Drosophila Crumbs (Crb) is required for apical–basal polarity and is an apical determinant in embryonic epithelia1,2. Here, we describe properties of Crb that control the position and integrity of the photoreceptor adherens junction and photosensitive organ, or rhabdomere3. In contrast to normal photoreceptor adherens junctions and rhabdomeres, which span the depth of the retina, adherens junctions and rhabdomeres of Crb-deficient photoreceptors initially accumulate at the top of the retina and fail to maintain their integrity as they stretch to the retinal floor. We show that Crb controls localization of the adherens junction through its intracellular domain containing a putative binding site for a protein 4.1 superfamily protein (FERM)4,5. Although loss of Crb or overexpression of the FERM binding domain causes mislocalization of adherens junctions, they do not result in a significant loss of photoreceptor polarity. Mutations in CRB1, a human homologue of crb, are associated with photoreceptor degeneration in retinitis pigmentosa 12 (RP12) and Leber congenital amaurosis (LCA)6,7,8,9,10. The intracellular domain of CRB1 behaves similarly to its Drosophila counterpart when overexpressed in the fly eye. Our studies may provide clues for mechanisms of photoreceptor degeneration in RP12 and LCA.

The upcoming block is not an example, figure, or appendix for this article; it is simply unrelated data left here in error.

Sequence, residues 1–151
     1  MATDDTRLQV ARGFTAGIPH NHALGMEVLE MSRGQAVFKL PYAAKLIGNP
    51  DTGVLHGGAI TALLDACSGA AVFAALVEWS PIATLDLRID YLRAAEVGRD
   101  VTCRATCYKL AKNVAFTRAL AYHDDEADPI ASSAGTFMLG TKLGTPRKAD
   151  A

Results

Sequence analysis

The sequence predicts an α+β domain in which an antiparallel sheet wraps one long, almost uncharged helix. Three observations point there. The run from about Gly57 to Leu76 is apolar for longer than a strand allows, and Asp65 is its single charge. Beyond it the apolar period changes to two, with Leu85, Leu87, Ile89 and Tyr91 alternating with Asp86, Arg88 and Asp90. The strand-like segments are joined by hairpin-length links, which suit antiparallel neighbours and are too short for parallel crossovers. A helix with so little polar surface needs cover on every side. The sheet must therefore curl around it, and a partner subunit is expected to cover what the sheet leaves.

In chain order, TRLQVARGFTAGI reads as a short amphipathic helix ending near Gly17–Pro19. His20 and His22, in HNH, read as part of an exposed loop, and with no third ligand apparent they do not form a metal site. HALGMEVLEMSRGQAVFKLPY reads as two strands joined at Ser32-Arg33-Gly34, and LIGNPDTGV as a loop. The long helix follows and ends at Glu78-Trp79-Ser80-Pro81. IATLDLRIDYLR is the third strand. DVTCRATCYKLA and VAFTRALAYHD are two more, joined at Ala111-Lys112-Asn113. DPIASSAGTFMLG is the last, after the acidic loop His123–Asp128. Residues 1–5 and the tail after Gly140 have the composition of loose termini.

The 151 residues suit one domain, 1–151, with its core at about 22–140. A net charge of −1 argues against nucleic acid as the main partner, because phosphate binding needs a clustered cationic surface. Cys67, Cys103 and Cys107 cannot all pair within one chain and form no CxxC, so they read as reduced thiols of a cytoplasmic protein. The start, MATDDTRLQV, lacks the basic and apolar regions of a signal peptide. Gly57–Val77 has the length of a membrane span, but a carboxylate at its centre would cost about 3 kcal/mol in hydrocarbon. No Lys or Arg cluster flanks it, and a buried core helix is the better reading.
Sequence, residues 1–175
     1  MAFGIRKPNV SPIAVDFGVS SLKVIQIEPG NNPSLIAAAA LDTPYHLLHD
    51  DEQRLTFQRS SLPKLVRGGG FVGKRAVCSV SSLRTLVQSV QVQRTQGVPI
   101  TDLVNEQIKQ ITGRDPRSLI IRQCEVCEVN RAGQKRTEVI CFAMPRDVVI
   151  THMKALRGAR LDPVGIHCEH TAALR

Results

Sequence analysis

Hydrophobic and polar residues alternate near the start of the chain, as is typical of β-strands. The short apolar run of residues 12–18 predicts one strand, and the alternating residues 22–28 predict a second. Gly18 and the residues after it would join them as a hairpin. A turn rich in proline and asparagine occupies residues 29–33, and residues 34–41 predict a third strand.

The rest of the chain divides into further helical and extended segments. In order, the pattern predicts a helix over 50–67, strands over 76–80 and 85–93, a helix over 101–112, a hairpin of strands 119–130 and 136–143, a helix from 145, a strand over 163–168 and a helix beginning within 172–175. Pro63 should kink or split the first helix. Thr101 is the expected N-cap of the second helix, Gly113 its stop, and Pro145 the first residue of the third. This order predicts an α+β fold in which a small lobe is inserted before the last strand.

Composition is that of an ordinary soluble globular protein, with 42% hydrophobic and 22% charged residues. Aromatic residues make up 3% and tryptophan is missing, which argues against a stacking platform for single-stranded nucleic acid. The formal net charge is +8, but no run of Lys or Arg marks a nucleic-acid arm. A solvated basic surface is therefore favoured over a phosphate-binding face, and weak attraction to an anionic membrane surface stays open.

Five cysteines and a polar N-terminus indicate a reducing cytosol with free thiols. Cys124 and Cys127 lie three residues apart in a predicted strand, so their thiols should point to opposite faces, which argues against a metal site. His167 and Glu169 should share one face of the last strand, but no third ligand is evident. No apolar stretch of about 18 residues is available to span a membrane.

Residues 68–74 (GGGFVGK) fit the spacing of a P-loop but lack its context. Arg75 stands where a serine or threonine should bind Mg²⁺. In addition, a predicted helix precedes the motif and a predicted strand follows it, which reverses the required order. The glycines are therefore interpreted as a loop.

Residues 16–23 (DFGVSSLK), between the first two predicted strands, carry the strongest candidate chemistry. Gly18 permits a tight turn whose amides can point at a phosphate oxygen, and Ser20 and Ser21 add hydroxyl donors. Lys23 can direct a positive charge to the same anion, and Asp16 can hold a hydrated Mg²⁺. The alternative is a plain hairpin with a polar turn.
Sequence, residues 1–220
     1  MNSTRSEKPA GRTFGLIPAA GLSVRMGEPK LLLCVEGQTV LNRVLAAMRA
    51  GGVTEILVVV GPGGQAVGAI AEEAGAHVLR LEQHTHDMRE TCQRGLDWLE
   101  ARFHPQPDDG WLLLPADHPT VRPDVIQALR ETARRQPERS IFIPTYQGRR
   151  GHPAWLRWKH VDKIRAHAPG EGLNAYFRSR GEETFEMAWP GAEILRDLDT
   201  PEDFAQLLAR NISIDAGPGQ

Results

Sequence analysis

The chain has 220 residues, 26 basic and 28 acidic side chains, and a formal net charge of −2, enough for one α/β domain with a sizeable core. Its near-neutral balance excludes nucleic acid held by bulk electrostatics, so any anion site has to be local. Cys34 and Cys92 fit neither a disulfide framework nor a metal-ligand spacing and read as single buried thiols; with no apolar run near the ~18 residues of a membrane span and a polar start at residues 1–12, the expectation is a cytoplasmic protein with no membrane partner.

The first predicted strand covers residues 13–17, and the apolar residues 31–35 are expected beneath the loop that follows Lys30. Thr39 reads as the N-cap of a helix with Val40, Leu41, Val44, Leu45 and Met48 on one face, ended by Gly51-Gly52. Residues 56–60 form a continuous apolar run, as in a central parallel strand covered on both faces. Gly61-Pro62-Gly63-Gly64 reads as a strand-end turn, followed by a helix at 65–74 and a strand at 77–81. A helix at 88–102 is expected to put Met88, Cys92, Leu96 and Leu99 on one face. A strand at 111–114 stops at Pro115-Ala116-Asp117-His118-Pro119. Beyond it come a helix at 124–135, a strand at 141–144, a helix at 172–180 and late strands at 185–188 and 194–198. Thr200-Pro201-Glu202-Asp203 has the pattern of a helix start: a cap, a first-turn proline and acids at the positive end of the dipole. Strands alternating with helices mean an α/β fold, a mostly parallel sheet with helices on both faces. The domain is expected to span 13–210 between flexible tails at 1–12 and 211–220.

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We especially thank K.-O. Cho for her contribution to experimental design and for her support. We thank E. Knust for reagents and U. Tepass for discussion of unpublished results. We thank J. Chern and J. Lim for comments and discussion, B. Kehl and Z. H. Chen for technical assistance. We thank the Indiana Stock Center for providing flies. We thank H. Adams for technical assistance with TEM. Confocal microscopy was supported by a grant from the National Institutes of Health to D. B. Jones. S.I. and S.-C.N. are postdoctoral fellows. H.J.B. is a Howard Hughes Medical Institute Investigator. M.A.B. is supported by a Howard Temin Career Development Award from the National Cancer Institute. M.A.B., H.J.B., and K.-W.C. are supported by the NIH and K.-W.C. by the Retina Research Foundation.
The authors declare that they have no competing financial interests
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Izaddoost, S., Nam, S., Bhat, M. et al. Drosophila Crumbs is a positional cue in photoreceptor adherens junctions and rhabdomeres. Nature 416, 178–183 (2002). https://doi.org/10.1038/nature720
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